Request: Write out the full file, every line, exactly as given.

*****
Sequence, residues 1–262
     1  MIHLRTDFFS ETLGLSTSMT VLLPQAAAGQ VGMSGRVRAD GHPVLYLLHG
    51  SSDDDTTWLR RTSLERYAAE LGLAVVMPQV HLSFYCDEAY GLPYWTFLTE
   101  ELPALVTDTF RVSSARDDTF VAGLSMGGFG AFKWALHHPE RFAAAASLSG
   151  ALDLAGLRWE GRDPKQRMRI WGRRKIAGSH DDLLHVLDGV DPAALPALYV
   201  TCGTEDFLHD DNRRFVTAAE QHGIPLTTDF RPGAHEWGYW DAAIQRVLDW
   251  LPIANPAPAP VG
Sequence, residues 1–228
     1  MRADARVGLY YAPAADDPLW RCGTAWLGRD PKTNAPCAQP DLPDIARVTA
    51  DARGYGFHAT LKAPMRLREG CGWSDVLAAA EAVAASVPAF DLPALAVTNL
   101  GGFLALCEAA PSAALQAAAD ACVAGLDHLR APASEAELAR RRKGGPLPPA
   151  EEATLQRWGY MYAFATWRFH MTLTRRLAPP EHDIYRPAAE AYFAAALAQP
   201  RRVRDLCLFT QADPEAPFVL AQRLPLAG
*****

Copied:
Sequence, residues 1–262
     1  MIHLRTDFFS ETLGLSTSMT VLLPQAAAGQ VGMSGRVRAD GHPVLYLLHG
    51  SSDDDTTWLR RTSLERYAAE LGLAVVMPQV HLSFYCDEAY GLPYWTFLTE
   101  ELPALVTDTF RVSSARDDTF VAGLSMGGFG AFKWALHHPE RFAAAASLSG
   151  ALDLAGLRWE GRDPKQRMRI WGRRKIAGSH DDLLHVLDGV DPAALPALYV
   201  TCGTEDFLHD DNRRFVTAAE QHGIPLTTDF RPGAHEWGYW DAAIQRVLDW
   251  LPIANPAPAP VG
Sequence, residues 1–228
     1  MRADARVGLY YAPAADDPLW RCGTAWLGRD PKTNAPCAQP DLPDIARVTA
    51  DARGYGFHAT LKAPMRLREG CGWSDVLAAA EAVAASVPAF DLPALAVTNL
   101  GGFLALCEAA PSAALQAAAD ACVAGLDHLR APASEAELAR RRKGGPLPPA
   151  EEATLQRWGY MYAFATWRFH MTLTRRLAPP EHDIYRPAAE AYFAAALAQP
   201  RRVRDLCLFT QADPEAPFVL AQRLPLAG